A few years ago, I had the honor and privilege of spending four days at the Whidbey Institute with Sharon Daloz Parks. Sharon is an associate director and member of the faculty. She taught at various Harvard graduate schools, including its Divinity School, the Business School, and the School of Government for 18 years before moving to Whidbey Island and becoming a leadership consultant, speaker and facilitator at Whidbey Institute.
I noticed that once I entered the forested grounds of the Whidbey Institute I knew I was in sacred space. It is breathtakingly beautiful and so peaceful. I stayed in a very small hermitage and had a lot of time to ponder life anew.
Sharon believes that leaders are formed gradually over time and through deliberate effort. Her gift of facilitation is to ask provocative questions that one can ponder for hours or days, deepening one’s understanding of oneself in relationship to others and the environment, and how this relates to answering one’s call to lead. Do we have the courage to step up to lead in these times?
Some of her questions have stuck with me, even months later calling me to go deeper. These, in particular, keep bouncing around in my head:
1. What does it mean for our society that so many people are living unaligned with their soul?
2. Leadership holds a lot of hungers. What may they be?
In considering these questions, it helps to know what Sharon believes is called for in successful leaders of today. Her description resonated with my experiences in my own life and in the lives of the individuals and organizations I have coached. What she says is called for and needed is adaptive leadership.
Adaptive leaders need to understand that leadership is spiritual in nature. It is about helping people move from the familiar and adequate to a more alive, life-giving way of being. As one leads, one needs to possess the gift of connectedness – there is no room for ego or visionaries, as we are all “in this together.”
Additionally, adaptive leaders have the courage to deal with and witness loss and grief. They must be willing to get involved with the difficult issues – and stay involved – yet at the same time not become a lightening rod for the issue, but to be able to take the heat when they speak courageously.
Sharon closed her discussion of adaptive leadership by asking us if we have the courage to lead a spiritual change. I felt the metaphorical gulp in the room when she posed that question. I ask this of myself every day, and work on having the courage to lead a spiritual change with the work I offer to the world.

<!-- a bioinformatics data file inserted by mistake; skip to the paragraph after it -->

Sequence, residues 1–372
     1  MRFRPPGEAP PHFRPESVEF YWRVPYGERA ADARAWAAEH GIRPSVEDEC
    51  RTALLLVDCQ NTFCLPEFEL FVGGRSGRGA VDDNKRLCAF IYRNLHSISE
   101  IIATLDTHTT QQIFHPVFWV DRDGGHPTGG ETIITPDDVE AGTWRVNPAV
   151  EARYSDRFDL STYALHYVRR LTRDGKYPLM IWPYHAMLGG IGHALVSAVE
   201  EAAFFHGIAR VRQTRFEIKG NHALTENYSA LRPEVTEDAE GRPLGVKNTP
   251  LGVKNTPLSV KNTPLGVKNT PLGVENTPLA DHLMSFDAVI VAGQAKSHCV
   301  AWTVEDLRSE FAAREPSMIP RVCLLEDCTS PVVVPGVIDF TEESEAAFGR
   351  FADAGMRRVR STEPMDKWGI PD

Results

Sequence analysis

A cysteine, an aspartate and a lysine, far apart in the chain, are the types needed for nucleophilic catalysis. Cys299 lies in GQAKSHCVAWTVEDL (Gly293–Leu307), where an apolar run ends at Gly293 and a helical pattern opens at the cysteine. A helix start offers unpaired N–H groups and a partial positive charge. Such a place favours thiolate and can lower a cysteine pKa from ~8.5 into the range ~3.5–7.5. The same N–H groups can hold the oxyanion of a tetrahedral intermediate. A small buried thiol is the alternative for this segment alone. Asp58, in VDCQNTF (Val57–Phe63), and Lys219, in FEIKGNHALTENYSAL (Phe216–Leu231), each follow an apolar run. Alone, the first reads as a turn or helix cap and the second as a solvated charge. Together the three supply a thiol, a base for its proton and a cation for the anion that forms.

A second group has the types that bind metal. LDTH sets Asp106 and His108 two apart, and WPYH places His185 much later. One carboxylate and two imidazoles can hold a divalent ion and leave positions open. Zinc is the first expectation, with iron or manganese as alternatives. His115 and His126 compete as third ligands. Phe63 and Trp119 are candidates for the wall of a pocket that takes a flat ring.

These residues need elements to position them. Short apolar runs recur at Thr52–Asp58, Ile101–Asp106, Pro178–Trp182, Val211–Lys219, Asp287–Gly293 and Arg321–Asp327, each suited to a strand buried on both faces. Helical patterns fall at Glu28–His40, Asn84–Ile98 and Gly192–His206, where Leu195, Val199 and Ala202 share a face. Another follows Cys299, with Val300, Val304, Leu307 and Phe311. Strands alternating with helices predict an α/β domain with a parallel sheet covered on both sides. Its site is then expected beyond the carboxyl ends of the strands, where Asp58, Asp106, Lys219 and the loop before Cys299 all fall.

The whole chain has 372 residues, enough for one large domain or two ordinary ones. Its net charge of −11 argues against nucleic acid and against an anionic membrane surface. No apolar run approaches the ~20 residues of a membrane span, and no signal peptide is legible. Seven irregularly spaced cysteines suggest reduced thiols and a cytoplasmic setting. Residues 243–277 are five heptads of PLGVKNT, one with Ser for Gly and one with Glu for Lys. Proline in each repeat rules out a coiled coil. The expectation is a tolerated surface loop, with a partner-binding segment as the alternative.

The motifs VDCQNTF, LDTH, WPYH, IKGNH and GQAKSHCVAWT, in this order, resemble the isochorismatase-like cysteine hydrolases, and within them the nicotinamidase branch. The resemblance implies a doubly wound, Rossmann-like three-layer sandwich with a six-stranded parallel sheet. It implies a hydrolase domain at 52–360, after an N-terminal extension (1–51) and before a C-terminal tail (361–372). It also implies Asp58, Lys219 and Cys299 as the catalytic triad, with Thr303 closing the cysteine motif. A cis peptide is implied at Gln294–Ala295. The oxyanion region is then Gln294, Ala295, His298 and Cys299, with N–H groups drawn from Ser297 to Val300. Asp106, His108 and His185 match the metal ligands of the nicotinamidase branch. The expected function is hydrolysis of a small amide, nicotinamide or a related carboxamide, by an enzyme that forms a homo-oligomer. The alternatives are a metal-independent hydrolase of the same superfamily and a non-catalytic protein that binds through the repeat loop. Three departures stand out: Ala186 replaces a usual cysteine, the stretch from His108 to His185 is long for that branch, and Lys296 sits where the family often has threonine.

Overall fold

Sharon also left us with a statement that I felt was a strong calling forth for myself and I share it as a calling forth that you might embrace: “There is a possibility created in all of us that can only come through you ~ it is lost if you do not answer the call.” What are you being called to do? Have you looked the other way when called to action? What gets in your way of being a courageous leader? Do you have absolute principles which guide you? How real are you?
Sharon draws some of these ideas from Leadership On the Line: Staying Alive through Dangers of Leading, by Ronald Heifetz, a former colleague. I invite you to join me in exploring the questions and thoughts raised by Sharon Parks, as you continue to think about and refine a relevant leadership style.
I leave you with the poem we read after walking through the wooded island, as a place to begin your own contemplation.
By David Wagoner
From Collected Poems 1956-1976
Stand still. The trees ahead and bushes beside you
Are not lost. Wherever you are is called Here,
And you must treat it as a powerful stranger,
Must ask permission to know it and be known.
The forest breathes. Listen. It answers,
I have made this place around you.
If you leave it, you may come back again, saying Here.
No two trees are the same to Raven.
No two branches are the same to Wren.
If what a tree or a bush does is lost on you,
You are surely lost. Stand still. The forest knows
Where you are. You must let it find you.